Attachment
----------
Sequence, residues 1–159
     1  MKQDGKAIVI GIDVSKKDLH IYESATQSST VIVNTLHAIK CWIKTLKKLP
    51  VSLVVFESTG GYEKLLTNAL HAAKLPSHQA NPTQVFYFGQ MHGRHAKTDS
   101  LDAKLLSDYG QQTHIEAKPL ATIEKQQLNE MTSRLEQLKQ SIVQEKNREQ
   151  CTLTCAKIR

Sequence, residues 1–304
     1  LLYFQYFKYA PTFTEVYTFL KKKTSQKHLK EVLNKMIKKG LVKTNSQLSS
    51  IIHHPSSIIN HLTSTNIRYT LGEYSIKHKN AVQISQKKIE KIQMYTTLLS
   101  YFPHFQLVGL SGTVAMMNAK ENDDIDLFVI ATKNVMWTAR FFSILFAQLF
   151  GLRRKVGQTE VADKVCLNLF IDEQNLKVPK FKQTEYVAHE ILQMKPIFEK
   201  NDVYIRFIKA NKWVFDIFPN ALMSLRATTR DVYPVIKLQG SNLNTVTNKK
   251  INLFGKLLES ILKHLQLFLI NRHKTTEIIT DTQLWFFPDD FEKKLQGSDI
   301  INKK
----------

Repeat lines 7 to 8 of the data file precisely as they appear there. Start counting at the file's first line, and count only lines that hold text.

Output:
     1  LLYFQYFKYA PTFTEVYTFL KKKTSQKHLK EVLNKMIKKG LVKTNSQLSS
    51  IIHHPSSIIN HLTSTNIRYT LGEYSIKHKN AVQISQKKIE KIQMYTTLLS